Should Preachers Like Mike Huckabee Run for Public Office?
A Unitarian minister says Americans have always been wary of electing 'reverend politicians,' and for good reason.
BY: Forrest Church
The issue of Mitt Romney's Mormon faith and how it might influence him as president has dominated the nation's airwaves and chat rooms for months. Of much greater relevance to the tradition of church-state separation, however, is Mike Huckabee. Is it appropriate to elect a minister of the gospel as president of the United States?
Huckabee, a former governor, is utterly open about being a Baptist pastor. His faith, in fact, is his political meal ticket. Before entering politics, he served several congregations and then as president of the Arkansas Baptist Convention. More tellingly, he appears to view his foray into government service as a strategy to leverage his Christian creed.
"Government knows it does not have the answer, but it's arrogant and acts as though it does," Huckabee told a convention of Baptist preachers in 1998, when he was governor of Arkansas. "Church does have the answer but will cowardly deny that it does and wonder when the world will be changed." To redeem the fallen government, Gov. Huckabee issued a religious call to arms: “I hope we answer the alarm clock and take this nation back for Christ."
If you think that kind of talk is well suited for the pulpit but ill-suited for the White House, you’re not alone. American ambivalence toward reverend politicians stems back to the nation's founding. Elected in 1775, the Rev. John Zubly, a Georgia Presbyterian émigré from Switzerland, was the first man of the cloth to serve in the Continental Congress. John Adams groused to his wife, “I cannot but wish he may be the last.”
Zubly was on a mission. God, he believed, had called him to Congress to elevate America into a Christian nation. “A republican government,” Dr. Zubly avowed, “is little better than [a] government of devils.” Into the howling wind of a British military occupation, he irrelevantly preached that civil liberty was worthless as long as the people remained slaves to lust. The good reverend's political service to his country was short lived. His frustration with Congress's impious agenda drove Rev. Zubly home, first to Georgia and then into the arms of the Tories.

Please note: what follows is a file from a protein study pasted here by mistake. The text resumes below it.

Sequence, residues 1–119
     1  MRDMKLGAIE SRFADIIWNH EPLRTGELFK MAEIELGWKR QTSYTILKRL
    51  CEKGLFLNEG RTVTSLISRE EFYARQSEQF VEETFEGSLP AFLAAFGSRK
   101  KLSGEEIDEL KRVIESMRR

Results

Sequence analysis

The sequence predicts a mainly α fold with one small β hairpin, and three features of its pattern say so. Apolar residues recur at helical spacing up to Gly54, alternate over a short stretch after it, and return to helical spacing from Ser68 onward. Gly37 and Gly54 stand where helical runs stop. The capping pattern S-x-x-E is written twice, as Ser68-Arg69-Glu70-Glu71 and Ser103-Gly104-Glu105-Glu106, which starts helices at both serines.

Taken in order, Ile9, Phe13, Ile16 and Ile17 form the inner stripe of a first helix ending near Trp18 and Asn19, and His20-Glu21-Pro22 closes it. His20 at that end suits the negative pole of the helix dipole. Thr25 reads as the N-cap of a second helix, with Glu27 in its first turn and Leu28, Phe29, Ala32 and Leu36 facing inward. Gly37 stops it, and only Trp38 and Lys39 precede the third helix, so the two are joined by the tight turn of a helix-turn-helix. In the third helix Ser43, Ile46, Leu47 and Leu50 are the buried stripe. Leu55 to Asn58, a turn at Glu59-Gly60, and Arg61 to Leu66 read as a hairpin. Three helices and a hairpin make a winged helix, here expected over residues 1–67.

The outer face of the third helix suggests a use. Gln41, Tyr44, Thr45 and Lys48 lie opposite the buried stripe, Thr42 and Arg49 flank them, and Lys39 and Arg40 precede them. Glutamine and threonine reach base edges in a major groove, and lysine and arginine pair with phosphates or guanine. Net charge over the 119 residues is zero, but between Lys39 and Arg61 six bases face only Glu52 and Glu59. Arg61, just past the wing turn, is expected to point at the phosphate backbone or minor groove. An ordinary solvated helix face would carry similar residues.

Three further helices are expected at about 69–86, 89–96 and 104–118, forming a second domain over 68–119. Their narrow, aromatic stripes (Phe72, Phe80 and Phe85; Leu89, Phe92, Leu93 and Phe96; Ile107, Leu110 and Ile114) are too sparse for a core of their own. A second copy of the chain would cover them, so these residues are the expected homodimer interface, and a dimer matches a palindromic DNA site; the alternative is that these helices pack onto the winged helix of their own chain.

Later, the Rev. John Witherspoon entered the Continental Congress, serving as ably there as he did in his role as president of Princeton College. Widely respected by his colleagues, he went on to sign the Declaration of Independence. Unlike Zubly, Witherspoon championed church-state separation. He was never tempted to confuse his clerical role with his political one.
Contrasting the first two clergymen to serve our nation in Congress offers a criterion by which modern reverend politicians like Huckabee should be judged. The question is not, “Are clergy capable of performing state business?” It is, “Are clergy able to subordinate the specific tenets of their faith to the broad demands imposed by their constitutional oath?” When he assumed his governmental duties, Witherspoon was able to look beyond the pages of his Bible; Zubly was not.
Adams was not the only founder to look askance at clerical meddling with government business. George Washington opposed all forms of religious lobbying. He would have recoiled at any reverend politician who bathed the Constitution in a scriptural light.
Thomas Jefferson flip-flopped on the subject. Having been burned by figurative brimstone from New England pulpits, Jefferson declared near the end of his life that preachers who dabbled in politics were guilty of “a breech of contract.” But at the outset of his presidency, he wrote that ministers who had “absorbed democratic principles” and therefore had “relinquished all pretensions to privilege,” ought to possess the same right to stand for office as lawyers or doctors.